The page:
Count Jim Furyk as one OK avoiding all the talk this week of the Official World Golf Ranking.
Furyk, who won three times in 2010 and was the PGA Tour Player of the Year, was asked Saturday if he should be included in the conversation as one of the world's top players.
"I'll be as simple and blunt and honest as I can be," Furyk said. "I don't care."
Furyk, having been No. 2 for more than a year behind Tiger Woods, said he didn't care for all the attention he received and the questions that came with the spot. The 40-year-old, currently No. 13 in the world, said it would be nice to achieve the No. 1 ranking to say he had done it.
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But little else about the rankings appeals to him.
Furyk said he has never had to worry about the rankings from the standpoint of being eligible for the PGA Tour. And he thought his previous status as world No. 2 was a non-issue, because of how far ahead Woods was in the ranking system.
Luke Donald, leading the Heritage entering today's final round, can move to No. 1 with a win. Lee Westwood would become No. 1 if he wins the Indonesian Masters and Donald finishes second or worse.
"From Luke's perspective, I get it, because it would be cool to be ranked No. 1," Furyk said. "And I understand why you all talk about it. But I think ... they're more for the fans and the excitement and enjoyment."
Luke Donald said the way he rebounded from the day's biggest hiccup kept him in the lead -- and he was right. He followed a double bogey on the par-5 second hole with back-to-back pars and then a birdie. He finished the day at 11-under par for the tournament, giving him a one-shot lead over defending champion Jim Furyk.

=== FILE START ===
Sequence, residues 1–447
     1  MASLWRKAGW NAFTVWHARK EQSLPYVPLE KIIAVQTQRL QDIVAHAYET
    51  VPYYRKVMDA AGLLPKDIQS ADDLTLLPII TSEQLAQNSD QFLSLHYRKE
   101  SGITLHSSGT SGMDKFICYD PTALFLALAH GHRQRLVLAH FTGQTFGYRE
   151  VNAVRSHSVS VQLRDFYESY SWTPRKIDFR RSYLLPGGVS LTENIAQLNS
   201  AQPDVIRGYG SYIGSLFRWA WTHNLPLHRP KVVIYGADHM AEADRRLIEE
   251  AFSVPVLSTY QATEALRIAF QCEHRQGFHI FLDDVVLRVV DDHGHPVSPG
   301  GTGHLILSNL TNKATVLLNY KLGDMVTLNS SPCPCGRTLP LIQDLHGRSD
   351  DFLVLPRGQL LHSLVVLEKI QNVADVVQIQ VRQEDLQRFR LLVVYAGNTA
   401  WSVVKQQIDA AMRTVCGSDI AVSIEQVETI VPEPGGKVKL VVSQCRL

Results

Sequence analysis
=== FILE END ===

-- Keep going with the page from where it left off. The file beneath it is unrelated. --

"I dug deep, made some good birdies" Donald said. "... I was pleased with bringing it back after that slow start."
A couple other contenders weren't quite so fortunate.
Camilo Villegas started Saturday's third round only two shots back of the lead, but a double bogey on No. 4 sent his round spiraling downward. He shot at 3-over 74 to fall out of serious contention.
Garrett Willis, the first-round leader, began one shot behind Donald on Saturday, but he also double-bogeyed the fourth hole and couldn't recover. He shot 3-over par, and is in a tie for 12th place entering today's final round.
FALDO GOES PLAID
CBS commentator and former Heritage champion Nick Faldo donned a plaid cap during the introduction to CBS' weekend coverage of the 43rd annual Heritage. Faldo said he was supporting the Heritage's search for a title sponsor.
CBS also replayed highlights of Faldo's Heritage victory in 1984, his first PGA Tour win. They also showed highlights from the opening ceremonies in 1985, including video of the annual cannot shot, startling Faldo, who jumped when he heard the booming sound.
TRAHAN BOGEY-FREE NO MORE
After playing the first two rounds without a bogey -- the only player in the field to do so -- former Hilton Head Island resident D.J. Trahan made seven bogeys Saturday.
Luckily for Trahan, his slide down the leaderboard wasn't as drastic as it might have been, thanks to eagles on the par-5 fifth and 15th holes. He shot 73 and finished the round tied for 24th at 4-under par.